The necessity for reform in art education

The necessity for reform in art education

by Charles Harris
article from Monday 28, November, 2016

THIS WEEK I shall feature contemporary art education, where there is a vital need to reform an unchecked bias for modernism. While personally I take no pleasure by waving a finger to question our universities and schools, nor discuss their business without good cause, yet I am saddened by how an education system can be so corrupted by an unnecessary modernist art bias. So I will try to explain and begin with a kind letter I received this week.

"Hallo Mr Charles Harris, I was so satisfied with your article. It was so easy to read. I have always wondered why art was always such a foreign activity to me and I never thought that I was not viewing it in the first place. You have to look at the big picture and you have made that possible for me. Please keep up the good work. Kindest regards, Mrs. …"  

This letter, for which I am very grateful, perfectly highlights the confusion of our situation today, where the public is left in the dark with regards to what are proper public choices for appropriate public art, thus allowing those ugly modern conceptual objects to constantly appear.

Equally, everybody may wonder, again without proper questioning, how the using and teaching of these inappropriate ideas are acceptable activities today? Naturally it raises a question - Do we agree to have our children or grandchildren taught to think and operate in this self-evident cold conceptual modernist fashion, without any need for conventional beauty, tradition, heritage, and our culture?  I think the key to this matter is Consent.  

Therefore to explain, I shall continue with this subject of consent from a political viewpoint of our famous British philosopher and political theorist of the 17th century, John Locke; and highlight one of his illuminating discussions concerning consent – those questions of democracy in the American Civil War, with compulsory conscriptions into the army – and how the rich were allowed to pay somebody else a fee to go in their place, whereas the poor, or those disadvantaged and needing to be paid, had no choice but to go to war.

Naturally, I am only writing here about an unquestioned bias for modernist art in education, a subject certainly not as serious as war, nevertheless it is important to us for our art, culture, and future. And this time I can show how everybody is in the same boat, all experiencing the same situation, without any choice regarding this unchallenged modernism. For it is a shock to consider how many people have been bamboozled by what happens in modern art and probably without realising how this modernism bullied its way brutally into our education system, and the questionable effect this has on pupils and students today – all likely without genuine public understanding, approval, or proper parent consent.

So what happened, where did all this mess begin? For me it began in the Life Room at the Royal Academy, where we new students were all on probation for the first three months, and expected to complete a portfolio showing a large amount of work, with a high standard of quality as well.

There was no time to waste, whilst to everybody’s surprise, we were subjected to the daily distractions of modern visiting tutors; whose appearance at the RA was an honour for their Universities and Colleges. Yet unfortunately to a person, they regularly spoke loudly about the modern art need to abstract, extrapolate, reduce, simplify, or conceptualise, with an excess of modern jargon, or silly statements, e.g. ‘You should be able to complete a drawing in five minutes, or ‘Go and draw in another room from memory.’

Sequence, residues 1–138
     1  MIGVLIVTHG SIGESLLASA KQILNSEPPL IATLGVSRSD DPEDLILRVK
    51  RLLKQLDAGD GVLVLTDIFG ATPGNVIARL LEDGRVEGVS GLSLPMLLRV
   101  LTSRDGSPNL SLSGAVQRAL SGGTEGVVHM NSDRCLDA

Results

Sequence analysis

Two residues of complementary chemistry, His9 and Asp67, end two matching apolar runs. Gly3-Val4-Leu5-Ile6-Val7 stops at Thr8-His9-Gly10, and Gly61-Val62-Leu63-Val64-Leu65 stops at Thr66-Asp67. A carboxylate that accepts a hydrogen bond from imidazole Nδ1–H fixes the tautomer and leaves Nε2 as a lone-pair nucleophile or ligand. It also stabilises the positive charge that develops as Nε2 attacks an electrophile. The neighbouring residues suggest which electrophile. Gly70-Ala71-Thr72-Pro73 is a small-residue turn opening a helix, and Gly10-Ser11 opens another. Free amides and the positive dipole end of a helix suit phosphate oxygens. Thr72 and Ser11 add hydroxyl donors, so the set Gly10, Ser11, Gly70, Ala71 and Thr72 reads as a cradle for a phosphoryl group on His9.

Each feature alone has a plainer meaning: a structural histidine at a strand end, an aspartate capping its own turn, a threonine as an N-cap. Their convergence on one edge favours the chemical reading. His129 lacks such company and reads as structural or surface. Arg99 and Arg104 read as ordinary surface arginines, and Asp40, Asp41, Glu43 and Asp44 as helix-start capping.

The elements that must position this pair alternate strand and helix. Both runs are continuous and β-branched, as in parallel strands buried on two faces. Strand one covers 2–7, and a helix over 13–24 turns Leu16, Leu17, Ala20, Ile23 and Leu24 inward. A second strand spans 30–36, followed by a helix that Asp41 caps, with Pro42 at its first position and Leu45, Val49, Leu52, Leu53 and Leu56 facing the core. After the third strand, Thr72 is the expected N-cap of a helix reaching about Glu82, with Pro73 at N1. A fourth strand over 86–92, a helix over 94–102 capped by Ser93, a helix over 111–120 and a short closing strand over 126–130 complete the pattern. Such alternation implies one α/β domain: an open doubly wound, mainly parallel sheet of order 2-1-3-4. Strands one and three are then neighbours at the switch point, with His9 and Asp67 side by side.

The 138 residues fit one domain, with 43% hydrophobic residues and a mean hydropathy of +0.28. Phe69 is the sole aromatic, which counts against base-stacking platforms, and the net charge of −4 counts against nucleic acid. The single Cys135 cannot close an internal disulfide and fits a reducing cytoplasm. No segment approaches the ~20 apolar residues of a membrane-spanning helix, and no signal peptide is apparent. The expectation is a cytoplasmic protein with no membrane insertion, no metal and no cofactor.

Yet what we all needed was helpful observations about our work; pointing out any inaccuracy, and the offer of practical assistance accordingly. So frustrated one day by these constant breaks of my concentration, I turned around with my pencil and said, “Show me.” To everybody’s amazement, ‘this person put on his trainers and flew out of the door.’ This became a regular event, for regrettably these same people when asked to demonstrate left the room, as they clearly could not draw from life, nor were they ever likely to try, but still felt qualified to make comment nevertheless.

When asked about these visitors by our group, my late dear friend, Peter Greenham OBE, Former Keeper of the Royal Academy said, “At the end of the 60’s, widespread university dropouts found themselves faced with no career or prospects, and moved into education and especially our art education.  At that time art was classified as vocational, and required little in the way of academic skills, or formal qualifications to gain admission.”    

Naturally it follows how this generation encouraged others, who quickly followed suit. While understandably at that time, there was already much hair-splitting over past traditional techniques versus modern art ideas, but modernism prevailed. And eventually, with the advent of a new modern educational system, came a new apparent need to write about art, to study art history and in particular to write about abstract modern artists in exams, instead of learning those skills and ability needed to actually make conventional traditional art in practice.

So for an unchallenged period of time, most college or university students, were encouraged to accept those negative ideas of the ‘subjective,’ to then make modern abstract art and eventually, a philosophy of ‘the abstract’ became the only obsessive fashion. Again within art colleges and universities, to accommodate this change in the education of art, methods of tuition were continually altered, often aiming to encourage short spontaneous responses and away from long-term studied activity. At the same time any serious or prolonged attempt at objective realism was strongly discouraged, while traditional art work was not rewarded in relationship to achievement, but unfairly treated.